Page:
Lloyd’s of London has promised to “find a way” to honour policies taken out by clients from the 27 remaining EU states, even if they cease to be technically enforceable in the event of a no-deal Brexit next March.
“It is our business to provide certainty to policyholders,” Lloyd’s chairman Bruce Carnegie-Brown told the Financial Times. “That question of certainty has arisen in conversations with brokers and clients. We will find a way. In the next two or three months it would have led to a decline in business if we had not come out and made this pledge.”
In an effort to calm the nerves of brokers and clients and reduce any potential damage to business, the London insurance market said it would “direct [its] underwriters or take such other steps” to ensure policies remained valid.
If Britain leaves the EU without a deal, UK insurers would be technically barred from paying valid claims to EU27 policyholders. For this reason, most big insurers made clear by the summer that they had already transferred EU27 client business to subsidiaries on the continent. Lloyd’s, however, had no such subsidiary and the new entity it is establishing in Brussels will only be fully authorised and open for business from January next year.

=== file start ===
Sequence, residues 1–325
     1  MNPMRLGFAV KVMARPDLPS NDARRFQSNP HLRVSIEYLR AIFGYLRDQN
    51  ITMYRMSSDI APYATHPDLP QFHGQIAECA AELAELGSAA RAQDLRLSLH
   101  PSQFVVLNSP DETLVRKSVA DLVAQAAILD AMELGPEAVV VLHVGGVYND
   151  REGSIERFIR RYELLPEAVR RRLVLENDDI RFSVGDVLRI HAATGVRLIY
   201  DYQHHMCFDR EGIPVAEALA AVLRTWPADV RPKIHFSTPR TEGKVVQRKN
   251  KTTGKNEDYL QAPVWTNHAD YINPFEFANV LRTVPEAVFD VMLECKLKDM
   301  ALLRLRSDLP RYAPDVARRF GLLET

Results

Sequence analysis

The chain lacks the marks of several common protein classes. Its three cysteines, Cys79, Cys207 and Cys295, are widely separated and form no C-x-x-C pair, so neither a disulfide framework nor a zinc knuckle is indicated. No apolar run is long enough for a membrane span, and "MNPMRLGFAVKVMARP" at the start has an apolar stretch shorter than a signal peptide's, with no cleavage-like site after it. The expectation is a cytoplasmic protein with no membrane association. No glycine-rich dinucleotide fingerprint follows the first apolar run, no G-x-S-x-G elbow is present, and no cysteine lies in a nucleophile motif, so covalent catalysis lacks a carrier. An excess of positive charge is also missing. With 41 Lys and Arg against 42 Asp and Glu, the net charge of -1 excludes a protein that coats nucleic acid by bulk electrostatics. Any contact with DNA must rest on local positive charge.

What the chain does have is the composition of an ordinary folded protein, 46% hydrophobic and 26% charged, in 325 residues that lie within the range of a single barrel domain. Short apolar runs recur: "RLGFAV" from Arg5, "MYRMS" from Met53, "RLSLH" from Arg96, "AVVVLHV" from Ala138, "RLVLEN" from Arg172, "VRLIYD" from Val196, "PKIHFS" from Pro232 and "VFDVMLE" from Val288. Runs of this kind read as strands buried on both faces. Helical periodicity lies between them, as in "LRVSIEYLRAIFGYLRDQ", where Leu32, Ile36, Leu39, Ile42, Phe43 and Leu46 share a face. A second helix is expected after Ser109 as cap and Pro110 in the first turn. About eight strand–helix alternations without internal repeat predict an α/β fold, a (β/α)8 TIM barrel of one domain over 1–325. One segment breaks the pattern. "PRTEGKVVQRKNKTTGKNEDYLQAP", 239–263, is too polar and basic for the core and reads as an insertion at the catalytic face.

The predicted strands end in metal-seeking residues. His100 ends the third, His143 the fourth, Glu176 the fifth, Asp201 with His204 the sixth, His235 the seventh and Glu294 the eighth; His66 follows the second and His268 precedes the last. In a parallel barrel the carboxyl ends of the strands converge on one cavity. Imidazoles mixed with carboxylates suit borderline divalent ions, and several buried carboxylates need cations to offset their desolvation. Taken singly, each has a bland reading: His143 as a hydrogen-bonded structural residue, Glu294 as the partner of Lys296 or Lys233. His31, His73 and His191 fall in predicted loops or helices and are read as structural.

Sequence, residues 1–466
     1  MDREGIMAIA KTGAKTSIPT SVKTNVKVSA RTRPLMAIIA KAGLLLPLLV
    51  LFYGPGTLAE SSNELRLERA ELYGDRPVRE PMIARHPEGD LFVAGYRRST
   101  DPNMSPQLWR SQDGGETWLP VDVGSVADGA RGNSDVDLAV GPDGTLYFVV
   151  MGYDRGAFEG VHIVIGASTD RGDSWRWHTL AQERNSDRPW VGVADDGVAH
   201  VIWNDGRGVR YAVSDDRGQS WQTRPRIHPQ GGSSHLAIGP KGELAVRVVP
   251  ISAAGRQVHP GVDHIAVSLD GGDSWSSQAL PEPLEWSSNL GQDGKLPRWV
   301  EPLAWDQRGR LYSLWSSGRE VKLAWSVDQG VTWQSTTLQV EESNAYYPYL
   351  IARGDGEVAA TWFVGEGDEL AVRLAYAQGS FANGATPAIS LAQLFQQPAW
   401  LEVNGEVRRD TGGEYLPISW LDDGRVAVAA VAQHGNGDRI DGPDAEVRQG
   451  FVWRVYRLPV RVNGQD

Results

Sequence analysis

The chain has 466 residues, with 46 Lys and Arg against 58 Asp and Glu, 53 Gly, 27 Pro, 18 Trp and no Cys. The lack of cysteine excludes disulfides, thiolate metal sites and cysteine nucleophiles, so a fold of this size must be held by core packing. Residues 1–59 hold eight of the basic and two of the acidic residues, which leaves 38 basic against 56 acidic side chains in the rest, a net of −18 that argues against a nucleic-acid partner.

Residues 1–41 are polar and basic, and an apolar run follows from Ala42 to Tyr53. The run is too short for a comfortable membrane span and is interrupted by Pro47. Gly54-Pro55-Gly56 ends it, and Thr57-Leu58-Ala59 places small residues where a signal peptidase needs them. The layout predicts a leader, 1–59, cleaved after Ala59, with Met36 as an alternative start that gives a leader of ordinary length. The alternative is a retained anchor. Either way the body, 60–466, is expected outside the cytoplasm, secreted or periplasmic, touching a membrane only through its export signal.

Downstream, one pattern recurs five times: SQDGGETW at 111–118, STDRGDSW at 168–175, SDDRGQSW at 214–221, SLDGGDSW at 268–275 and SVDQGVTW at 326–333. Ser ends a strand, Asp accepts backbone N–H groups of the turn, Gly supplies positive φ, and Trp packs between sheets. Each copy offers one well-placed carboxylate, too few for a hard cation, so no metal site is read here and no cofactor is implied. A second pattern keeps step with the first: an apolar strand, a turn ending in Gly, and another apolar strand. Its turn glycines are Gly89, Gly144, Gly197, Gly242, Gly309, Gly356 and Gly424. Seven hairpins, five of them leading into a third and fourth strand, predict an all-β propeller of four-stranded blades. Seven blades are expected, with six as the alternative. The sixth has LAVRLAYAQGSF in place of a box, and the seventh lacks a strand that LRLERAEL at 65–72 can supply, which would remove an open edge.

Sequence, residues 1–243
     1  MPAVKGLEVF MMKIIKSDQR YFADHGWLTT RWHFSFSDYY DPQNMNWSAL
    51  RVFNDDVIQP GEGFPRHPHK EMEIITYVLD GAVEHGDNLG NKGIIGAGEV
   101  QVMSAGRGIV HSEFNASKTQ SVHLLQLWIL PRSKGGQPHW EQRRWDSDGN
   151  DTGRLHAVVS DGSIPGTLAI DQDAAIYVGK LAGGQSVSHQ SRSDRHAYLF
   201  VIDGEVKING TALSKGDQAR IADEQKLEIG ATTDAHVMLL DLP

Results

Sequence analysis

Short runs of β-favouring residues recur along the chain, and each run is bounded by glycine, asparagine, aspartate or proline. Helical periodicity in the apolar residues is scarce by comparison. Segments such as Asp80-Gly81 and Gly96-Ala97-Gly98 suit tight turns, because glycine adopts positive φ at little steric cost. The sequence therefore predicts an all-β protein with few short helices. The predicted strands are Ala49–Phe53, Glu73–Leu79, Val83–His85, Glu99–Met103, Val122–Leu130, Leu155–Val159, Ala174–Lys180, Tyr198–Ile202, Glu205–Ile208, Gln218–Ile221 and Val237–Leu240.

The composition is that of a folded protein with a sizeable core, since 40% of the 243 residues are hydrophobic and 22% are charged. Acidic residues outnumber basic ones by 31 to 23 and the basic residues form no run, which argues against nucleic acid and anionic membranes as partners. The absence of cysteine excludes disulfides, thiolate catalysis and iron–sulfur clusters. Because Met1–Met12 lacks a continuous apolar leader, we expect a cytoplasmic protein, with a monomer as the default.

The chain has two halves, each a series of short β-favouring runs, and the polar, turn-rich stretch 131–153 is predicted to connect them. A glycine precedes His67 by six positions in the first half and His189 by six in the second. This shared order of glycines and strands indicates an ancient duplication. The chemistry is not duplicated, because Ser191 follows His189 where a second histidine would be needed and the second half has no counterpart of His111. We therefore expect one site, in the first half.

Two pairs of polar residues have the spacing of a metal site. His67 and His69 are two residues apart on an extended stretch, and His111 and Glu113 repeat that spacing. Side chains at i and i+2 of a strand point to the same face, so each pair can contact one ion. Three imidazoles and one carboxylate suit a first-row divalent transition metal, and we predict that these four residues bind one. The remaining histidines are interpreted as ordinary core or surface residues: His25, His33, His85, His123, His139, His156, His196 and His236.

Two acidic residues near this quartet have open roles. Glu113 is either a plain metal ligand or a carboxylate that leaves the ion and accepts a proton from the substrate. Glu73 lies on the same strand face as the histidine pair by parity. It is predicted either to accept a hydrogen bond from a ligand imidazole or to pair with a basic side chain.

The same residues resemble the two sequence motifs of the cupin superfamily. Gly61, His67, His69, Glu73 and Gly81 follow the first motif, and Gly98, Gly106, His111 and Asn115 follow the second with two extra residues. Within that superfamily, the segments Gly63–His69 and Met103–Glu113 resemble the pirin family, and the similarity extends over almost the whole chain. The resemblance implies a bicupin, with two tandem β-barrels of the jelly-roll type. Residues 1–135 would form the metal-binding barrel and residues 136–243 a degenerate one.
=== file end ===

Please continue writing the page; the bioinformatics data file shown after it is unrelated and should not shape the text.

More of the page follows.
Policies moved to the Brussels subsidiary — using what is called a Part VII transfer — would be compliant but Lloyd’s must sift through millions of policies dating back to 1993 to establish which might need to be transferred. Transferring these policies would then take another two years, Lloyd’s said.
However, Mr Carnegie-Brown said he had reassuring “informal conversations” with regulators from across the EU. “Regulators have indicated that provided we have started the Part VII exercise, we should be fine,” he said.
Lloyd’s said its proposals for the transfer of business were “in the post” to the UK High Court.
The issue of insurance policy contract continuity is one of several systemically sensitive topics raised by Brexit planners.
A similar problem affecting derivatives contracts was highlighted this week by the Bank of England. The BoE said £41tn of derivatives contracts that mature after Brexit could be rendered invalid unless a deal is agreed.
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